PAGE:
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  #14   ^
Old Tue, Sep-28-04, 07:20
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ElisaB ElisaB is offline
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Default High-carb diets increase risk of breast cancer

A High-Carbohydrate Diet With Added Sugars Doubles Your Risk of Breast Cancer, Says New Research

A new study carried out by researchers at the Harvard School of Public Health reveals a strong correlation between the consumption of refined carbohydrates -- especially refined white sugar -- and increased risk of breast cancer. This is apparently a major "eureka" for these scientists, who are just now beginning to suspect that there are in fact links between diet and cancer.

Of course, this is old news to nutritionists and naturopathic physicians, who have long been urging patients to avoid the consumption of refined carbohydrates and especially refined white sugar. Not only is white sugar known to cause nutritional deficiencies and suppress immune system and brain function, it also promotes both diabetes and obesity. Now we can officially add cancer to that list, thanks to this research.

The fact is, refined white sugar is one of the most unhealthy food ingredients you can put into your body. It causes the depletion of nutrients such as vitamins and minerals that your body needs to function properly, and it causes radical swings in blood sugar that affect insulin resistance as well as mood and brain function. It has even been linked to violent behavior and various behavioral disorders, especially in young males. The consumption of sugar is also strongly linked to attention deficit hyperactive disorder, or ADHD.

Of course, Americans love to eat sugar. You can find it in ice cream, cookies, cakes, pancakes, and even things you wouldn't expect to have sugar, such as pasta sauce and pizza sauce. But sugar, it turns out, is one of those ingredients we should all be avoiding if we are to achieve optimum health. I gave up sugar years ago when I kicked the soft drink habit. Since then, I have avoided all refined sugars, and to this day I eat absolutely no refined sugars whatsoever, not even as ingredients in foods. In doing so, I was able to greatly improve my overall health and ultimately lose 50 pounds of excess body fat.

When you consume sugar, you harm your body. You're actually doing your entire system a great disservice. You're impairing the function of your body, your internal organs such as your pancreas, and especially your brain. Sugar simply doesn't belong in the American diet, and if we were to get rid of sugar altogether, or teach people to avoid it, we would all be far healthier, and our national health care costs would plummet.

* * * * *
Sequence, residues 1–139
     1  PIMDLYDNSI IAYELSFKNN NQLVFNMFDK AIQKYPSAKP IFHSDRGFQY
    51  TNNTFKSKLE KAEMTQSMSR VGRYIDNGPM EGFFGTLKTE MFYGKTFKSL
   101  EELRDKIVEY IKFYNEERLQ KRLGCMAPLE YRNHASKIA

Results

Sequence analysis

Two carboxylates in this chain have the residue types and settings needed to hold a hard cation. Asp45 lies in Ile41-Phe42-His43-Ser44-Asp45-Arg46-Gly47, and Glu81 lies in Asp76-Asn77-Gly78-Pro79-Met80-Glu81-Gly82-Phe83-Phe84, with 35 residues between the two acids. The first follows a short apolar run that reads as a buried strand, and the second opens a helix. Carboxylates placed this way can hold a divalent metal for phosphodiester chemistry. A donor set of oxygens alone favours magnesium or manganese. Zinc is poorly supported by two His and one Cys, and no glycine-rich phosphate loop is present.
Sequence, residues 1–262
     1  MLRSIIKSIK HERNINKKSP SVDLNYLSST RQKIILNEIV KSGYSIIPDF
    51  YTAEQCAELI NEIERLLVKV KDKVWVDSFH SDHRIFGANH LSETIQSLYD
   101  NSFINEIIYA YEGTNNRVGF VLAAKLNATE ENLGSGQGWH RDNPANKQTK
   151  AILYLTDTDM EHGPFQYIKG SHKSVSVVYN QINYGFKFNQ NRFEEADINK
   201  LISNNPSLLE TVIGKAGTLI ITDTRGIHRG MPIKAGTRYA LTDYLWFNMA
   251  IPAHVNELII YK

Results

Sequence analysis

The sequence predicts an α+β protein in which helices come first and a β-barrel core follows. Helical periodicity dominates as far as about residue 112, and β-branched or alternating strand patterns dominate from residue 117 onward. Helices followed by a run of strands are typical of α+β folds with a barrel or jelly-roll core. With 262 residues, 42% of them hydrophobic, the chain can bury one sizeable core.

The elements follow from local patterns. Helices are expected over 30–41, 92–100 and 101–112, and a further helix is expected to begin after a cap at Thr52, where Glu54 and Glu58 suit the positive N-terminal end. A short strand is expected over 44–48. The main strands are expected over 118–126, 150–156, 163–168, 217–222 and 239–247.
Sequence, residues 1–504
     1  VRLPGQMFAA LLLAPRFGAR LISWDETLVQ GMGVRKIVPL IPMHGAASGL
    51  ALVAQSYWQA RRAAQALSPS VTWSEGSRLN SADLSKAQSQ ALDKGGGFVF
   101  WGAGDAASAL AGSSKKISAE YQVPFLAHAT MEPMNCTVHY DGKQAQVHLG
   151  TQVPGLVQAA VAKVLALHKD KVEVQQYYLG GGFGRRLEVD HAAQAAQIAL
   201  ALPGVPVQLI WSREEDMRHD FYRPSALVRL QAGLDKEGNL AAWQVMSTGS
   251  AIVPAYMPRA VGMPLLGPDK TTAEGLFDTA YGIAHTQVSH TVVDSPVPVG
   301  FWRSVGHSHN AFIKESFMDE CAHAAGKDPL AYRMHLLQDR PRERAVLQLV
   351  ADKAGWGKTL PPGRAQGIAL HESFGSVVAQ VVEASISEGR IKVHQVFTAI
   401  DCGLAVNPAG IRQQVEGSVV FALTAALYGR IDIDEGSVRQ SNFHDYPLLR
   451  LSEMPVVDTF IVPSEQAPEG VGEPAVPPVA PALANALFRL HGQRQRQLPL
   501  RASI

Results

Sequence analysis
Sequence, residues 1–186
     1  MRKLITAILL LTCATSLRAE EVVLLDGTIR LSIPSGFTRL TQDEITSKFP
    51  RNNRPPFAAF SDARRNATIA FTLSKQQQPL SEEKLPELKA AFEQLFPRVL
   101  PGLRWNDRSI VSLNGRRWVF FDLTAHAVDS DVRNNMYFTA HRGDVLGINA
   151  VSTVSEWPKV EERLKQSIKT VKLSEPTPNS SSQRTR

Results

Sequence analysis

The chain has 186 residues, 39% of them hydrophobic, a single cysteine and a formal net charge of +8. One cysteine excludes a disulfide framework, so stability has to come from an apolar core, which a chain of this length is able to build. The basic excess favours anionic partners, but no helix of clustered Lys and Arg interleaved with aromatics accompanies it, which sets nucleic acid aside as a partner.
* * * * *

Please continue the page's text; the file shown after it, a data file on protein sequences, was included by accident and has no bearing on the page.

Of course, Big Sugar and the sugar industry would argue against all of this. They're a lot like the tobacco industry, and they even argue that sugar isn't bad for you and it doesn't cause obesity. In fact, they want to keep exporting sugar to the entire world, so that the rest of the world can share in the high incidence of obesity and chronic disease now experienced in America. It's true -- America is the most obese and chronically diseased country in the world, and we don't seem to be happy until our homegrown businesses are free to export that disease to every other country around the world. That's called "free trade."

Amazingly, we even subsidize sugar in this country in order to make it cheaper. That's an economic incentive that encourages people to buy and eat more sugar (or products made with sugar). It's a great political scandal, of course, that comes down to nothing more than corporate welfare. The sugar industry in the United States is closely allied with the Bush administration to the point where it even helps influence the United States policies on global health and nutrition.

For example, just look into the latest round of dialogue at the World Health Organization, where the United States was firmly against advice offered by the WHO that would have recommended people reduce their consumption of added sugars in order to fight obesity and diabetes around the world. The sugar industry in the United States strongly fought against the passage of those recommendations, arguing that sugar was perfectly good for your health and there was absolutely no evidence linking it to disease.

That's a ridiculous position of course -- there's a tremendous amount of evidence linking disease to sugar, but trying to convince sugar industry executives of that fact is sort of like trying to tell cigarette company CEOs that nicotine is addictive.

If you're going to take sugar out of your diet, I strongly advise that you do it slowly, and you should replace sugar with stevia, a natural sweetener made from the sweetleaf herb that has virtually no calories and won't alter your blood sugar in the same way that sugar does. In fact, stevia is an extremely healthy alternative to sugar that should, in my opinion, be legalized by the FDA and allowed into the food supply. After all, it is safely used around the world (and has been for thousands of years) with no reports of toxicity or negative side effects whatsoever.